A standard character drawing/word mark, protects only the registered word, without regards to any particular font, style, size, or color. Because a standard character drawing/word mark protects the word in any format, it provides the broadest protection for its owner.
According to the United States Patent and Trademark Office ("USPTO"), in order to qualify as a standard character drawing/word mark, the mark must have the following characteristics:
• No design element;
• No stylization of lettering and/or numbers;
• Any letters and words in Latin characters;
• Any numbers in Roman or Arabic numerals; and
• Only common punctuation or diacritical marks.
A special form drawing/design mark, on the other hand, is for everything else. If your mark includes a particular style of lettering, particular color(s), special designs, pictures, etc., with or without words, you do not qualify for a standard character drawing/word mark and must file a special form drawing/design mark. There are lots of rules that apply when filing a special form drawing/design mark. For example, if color is not a feature of the special form drawing/design mark, then a black-and-white drawing should be filed.
Many brands register both a word mark and a design mark because they protect different things. As you develop your intellectual property strategy for your business, be sure that you consider what needs to be protected and how you can protect it.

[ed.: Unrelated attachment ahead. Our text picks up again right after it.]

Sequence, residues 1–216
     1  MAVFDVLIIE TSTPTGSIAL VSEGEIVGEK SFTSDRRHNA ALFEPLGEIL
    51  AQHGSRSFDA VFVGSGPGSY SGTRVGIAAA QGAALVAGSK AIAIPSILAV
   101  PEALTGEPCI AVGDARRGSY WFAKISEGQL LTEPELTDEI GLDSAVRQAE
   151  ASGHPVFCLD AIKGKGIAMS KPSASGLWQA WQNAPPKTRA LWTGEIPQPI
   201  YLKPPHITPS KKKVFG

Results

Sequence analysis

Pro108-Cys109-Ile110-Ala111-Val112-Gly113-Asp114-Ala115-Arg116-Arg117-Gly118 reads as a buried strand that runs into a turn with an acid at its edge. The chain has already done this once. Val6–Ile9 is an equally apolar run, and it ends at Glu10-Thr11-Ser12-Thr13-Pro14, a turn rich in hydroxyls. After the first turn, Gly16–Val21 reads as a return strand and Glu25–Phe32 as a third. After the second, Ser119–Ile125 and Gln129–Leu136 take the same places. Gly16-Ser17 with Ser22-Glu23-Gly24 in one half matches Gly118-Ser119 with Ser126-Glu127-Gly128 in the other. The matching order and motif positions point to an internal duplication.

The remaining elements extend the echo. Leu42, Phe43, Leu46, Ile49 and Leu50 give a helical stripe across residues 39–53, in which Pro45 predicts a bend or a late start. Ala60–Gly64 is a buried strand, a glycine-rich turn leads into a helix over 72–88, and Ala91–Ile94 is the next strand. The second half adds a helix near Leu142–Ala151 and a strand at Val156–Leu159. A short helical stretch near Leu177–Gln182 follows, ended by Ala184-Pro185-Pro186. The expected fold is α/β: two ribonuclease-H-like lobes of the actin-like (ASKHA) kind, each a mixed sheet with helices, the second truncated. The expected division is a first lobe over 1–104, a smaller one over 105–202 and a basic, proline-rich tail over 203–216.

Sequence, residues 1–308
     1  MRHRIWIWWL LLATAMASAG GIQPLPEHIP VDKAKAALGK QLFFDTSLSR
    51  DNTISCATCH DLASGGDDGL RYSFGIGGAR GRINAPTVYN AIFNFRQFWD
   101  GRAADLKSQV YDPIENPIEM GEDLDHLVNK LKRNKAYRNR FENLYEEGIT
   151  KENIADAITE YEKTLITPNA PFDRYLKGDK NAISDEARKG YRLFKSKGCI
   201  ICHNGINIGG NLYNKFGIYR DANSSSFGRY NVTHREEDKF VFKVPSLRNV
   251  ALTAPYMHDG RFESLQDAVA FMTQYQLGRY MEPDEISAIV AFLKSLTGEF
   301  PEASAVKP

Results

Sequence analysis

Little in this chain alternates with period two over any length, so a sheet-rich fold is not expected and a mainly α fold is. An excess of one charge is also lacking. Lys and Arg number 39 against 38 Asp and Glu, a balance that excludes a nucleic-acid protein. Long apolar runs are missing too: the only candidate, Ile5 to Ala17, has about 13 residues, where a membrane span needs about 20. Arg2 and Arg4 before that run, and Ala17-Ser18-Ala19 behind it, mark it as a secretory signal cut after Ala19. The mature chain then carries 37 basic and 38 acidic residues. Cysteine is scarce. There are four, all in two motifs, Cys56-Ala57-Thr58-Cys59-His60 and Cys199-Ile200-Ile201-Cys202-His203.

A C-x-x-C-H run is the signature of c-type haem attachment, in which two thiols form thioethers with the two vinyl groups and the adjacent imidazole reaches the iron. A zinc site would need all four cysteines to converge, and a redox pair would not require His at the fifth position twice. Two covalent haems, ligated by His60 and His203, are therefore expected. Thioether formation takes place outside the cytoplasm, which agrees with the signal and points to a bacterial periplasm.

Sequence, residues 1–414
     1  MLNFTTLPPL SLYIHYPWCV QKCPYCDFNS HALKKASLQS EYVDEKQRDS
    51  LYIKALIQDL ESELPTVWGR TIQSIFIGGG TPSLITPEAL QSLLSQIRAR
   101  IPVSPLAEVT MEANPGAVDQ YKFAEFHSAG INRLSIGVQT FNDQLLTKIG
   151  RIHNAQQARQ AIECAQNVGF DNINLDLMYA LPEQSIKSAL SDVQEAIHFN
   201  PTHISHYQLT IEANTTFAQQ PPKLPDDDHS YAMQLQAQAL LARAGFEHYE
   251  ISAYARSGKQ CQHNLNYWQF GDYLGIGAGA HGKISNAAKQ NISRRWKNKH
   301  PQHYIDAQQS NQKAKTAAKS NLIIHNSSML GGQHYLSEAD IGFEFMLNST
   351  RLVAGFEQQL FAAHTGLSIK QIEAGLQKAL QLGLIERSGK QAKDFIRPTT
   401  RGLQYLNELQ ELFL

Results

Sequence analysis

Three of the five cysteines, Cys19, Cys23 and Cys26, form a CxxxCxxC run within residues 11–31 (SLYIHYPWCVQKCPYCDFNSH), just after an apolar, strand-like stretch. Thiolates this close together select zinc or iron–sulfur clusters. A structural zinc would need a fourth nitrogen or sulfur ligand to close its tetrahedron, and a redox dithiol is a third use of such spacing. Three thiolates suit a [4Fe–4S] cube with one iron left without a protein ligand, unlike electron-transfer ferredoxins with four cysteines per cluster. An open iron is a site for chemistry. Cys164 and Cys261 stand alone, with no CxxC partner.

For more information on trademarks, checkout our blog, visit the Trademark section of the USPTO, and/or contact your favorite attorney.
You finally came up with the perfect name and/or logo for your brand but can you use it? Did you check to see if someone already trademarked your brilliant idea?
Even if your exact idea is available, have you checked to see if it is similar to someone else's trademark. You can't use your mark if there is a "likelihood of confusion".
What is likelihood of confusion?
Essentially, likelihood of confusion exists when (1) the marks of the parties are similar and (2) the goods and services associated with the marks are related in such a way that people are likely to believe they are from the same source.
To determine if your new name or logo is confusing, you have to look to see if the mark looks like, sounds like, has a similar meaning, or creates a similar overall commercial impression to the registered mark.
For example, if your name is "The Mane Tamer" for natural hair products and someone else has registered "The Main Tamer" for chemical perms then you should probably pick another name.